from any specific region, limiting any epidemiologic inferences. Similarly,
as only a select group of centers within each geographic region participated
in the current investigation, regional characterization is based solely on
data from these centers. In addition, these hospitals are typically referral
centers that have cardiac surgical programs. Therefore, the results of this
study may not generalize to other patient populations with S aureus IE or to patients receiving care at other types of medical
S aureus is now the most common cause of IE
in many areas of the developed world. Patients with IE due to S aureus exhibit distinct characteristics compared with patients with
IE due to other pathogens. Health care–associated IE is emerging as
the most common form of S aureus IE and has distinct
features compared with more familiar forms of S aureus IE,
such as community-acquired IDU-associated infection. MRSA is now encountered
internationally as a relatively common cause of IE and is associated with
persistent bacteremia. Future investigations are required to identify better
treatment and prevention strategies for this serious and common consequence
of medical progress.
Corresponding Author: Vance G. Fowler, Jr,
MD, MHS, Box 3281, Division of Infectious Diseases, Duke University Medical
Center, Durham, NC 27710 (email@example.com).
Author Contributions: Dr Fowler had full access
to all of the data in the study and takes responsibility for the integrity
of the data and the accuracy of the data analysis.
Study concept and design: Fowler, Miro, Hoen,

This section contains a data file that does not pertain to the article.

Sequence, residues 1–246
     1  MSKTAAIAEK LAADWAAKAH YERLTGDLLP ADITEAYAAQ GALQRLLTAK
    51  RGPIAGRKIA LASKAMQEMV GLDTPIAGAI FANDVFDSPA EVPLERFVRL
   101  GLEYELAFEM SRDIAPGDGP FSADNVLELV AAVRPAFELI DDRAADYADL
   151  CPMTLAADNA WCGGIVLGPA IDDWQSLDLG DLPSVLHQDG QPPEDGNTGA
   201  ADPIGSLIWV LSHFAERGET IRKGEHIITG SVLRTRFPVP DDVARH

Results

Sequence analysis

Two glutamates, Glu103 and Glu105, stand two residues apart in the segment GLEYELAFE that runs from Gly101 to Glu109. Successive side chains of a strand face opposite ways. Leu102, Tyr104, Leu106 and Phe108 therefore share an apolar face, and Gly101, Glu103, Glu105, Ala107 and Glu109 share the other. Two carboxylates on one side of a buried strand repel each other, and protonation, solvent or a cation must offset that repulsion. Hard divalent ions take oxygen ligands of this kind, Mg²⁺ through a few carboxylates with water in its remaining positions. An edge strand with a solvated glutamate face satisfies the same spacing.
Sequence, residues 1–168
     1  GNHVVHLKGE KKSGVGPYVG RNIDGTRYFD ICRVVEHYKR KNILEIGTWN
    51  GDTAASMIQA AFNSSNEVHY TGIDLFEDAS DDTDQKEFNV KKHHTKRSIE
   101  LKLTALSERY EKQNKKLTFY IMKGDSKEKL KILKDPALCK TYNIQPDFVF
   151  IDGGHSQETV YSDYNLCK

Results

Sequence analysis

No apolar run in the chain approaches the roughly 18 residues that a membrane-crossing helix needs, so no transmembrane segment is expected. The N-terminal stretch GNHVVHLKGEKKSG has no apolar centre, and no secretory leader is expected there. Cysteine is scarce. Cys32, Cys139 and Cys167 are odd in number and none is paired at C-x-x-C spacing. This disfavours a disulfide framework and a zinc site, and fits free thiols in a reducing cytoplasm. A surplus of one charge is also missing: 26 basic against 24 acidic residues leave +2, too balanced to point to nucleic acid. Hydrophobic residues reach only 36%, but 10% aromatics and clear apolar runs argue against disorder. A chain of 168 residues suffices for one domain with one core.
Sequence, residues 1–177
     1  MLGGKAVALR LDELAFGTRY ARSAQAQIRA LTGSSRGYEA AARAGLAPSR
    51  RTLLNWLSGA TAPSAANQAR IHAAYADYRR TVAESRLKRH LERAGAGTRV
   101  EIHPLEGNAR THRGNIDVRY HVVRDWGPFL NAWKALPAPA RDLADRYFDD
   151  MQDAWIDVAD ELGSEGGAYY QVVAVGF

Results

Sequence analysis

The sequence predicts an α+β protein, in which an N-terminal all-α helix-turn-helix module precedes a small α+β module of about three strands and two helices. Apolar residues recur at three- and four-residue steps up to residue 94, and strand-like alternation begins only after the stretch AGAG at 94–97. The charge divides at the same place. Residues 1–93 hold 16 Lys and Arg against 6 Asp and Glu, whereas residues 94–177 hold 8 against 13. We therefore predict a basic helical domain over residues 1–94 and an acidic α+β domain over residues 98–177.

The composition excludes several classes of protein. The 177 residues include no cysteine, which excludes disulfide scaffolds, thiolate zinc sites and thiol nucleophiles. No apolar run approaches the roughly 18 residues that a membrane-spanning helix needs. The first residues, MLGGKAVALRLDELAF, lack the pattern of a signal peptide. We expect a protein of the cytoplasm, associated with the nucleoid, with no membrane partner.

Abrutyn, Rubinstein, Corey, Spelman, Pappas, Elliott.
Acquisition of data: Fowler, Miro, Hoen, Cabell,
Abrutyn, Rubinstein, Corey, Spelman, Bradley, Barsic, Wray, Fortes, Anguera,
Athan, Jones, van der Meer, Elliott, Levine.
Analysis and interpretation of data: Fowler,
Miro, Hoen, Cabell, Abrutyn, Corey, Spelman, Barsic, Pappas, Anstrom, Jones,
Drafting of the manuscript: Fowler, Miro, Cabell,
Corey, Spelman, Barsic, Anguera, Elliott, Bayer.
Critical revision of the manuscript for important
intellectual content: Fowler, Miro, Hoen, Cabell, Abrutyn, Rubinstein,
Corey, Spelman, Bradley, Barsic, Pappas, Anstrom, Wray, Fortes, Anguera, Athan,
Jones, van der Meer, Elliott, Levine, Bayer.
Statistical analysis: Abrutyn, Spelman, Pappas,
Obtained funding: Cabell, Corey, Fowler.
Administrative, technical, or material support:
Fowler, Hoen, Rubinstein, van der Meer, Elliott.
Study supervision: Fowler, Miro, Abrutyn, Rubinstein,
Corey, Anguera, Athan.
Financial Disclosures: Dr Fowler has received
research grants from Cubist, Inhibitex, Nabi, Theravance, Merck, Ortho-McNeil,
and Vicuron; speaking honoraria from Pfizer, Cubist, and Aventis; consulting
fees from Merck, Nabi, Inhibitex, Elusys, Cubist, Vicuron, and GlaxoSmithKline.
Funding/Support: This study was supported by
the following grants from the National Institutes of Health: AI-059111 (Dr
Fowler), HL-70861 (Dr Cabell), and AI-39108 (Dr Bayer); the Red Española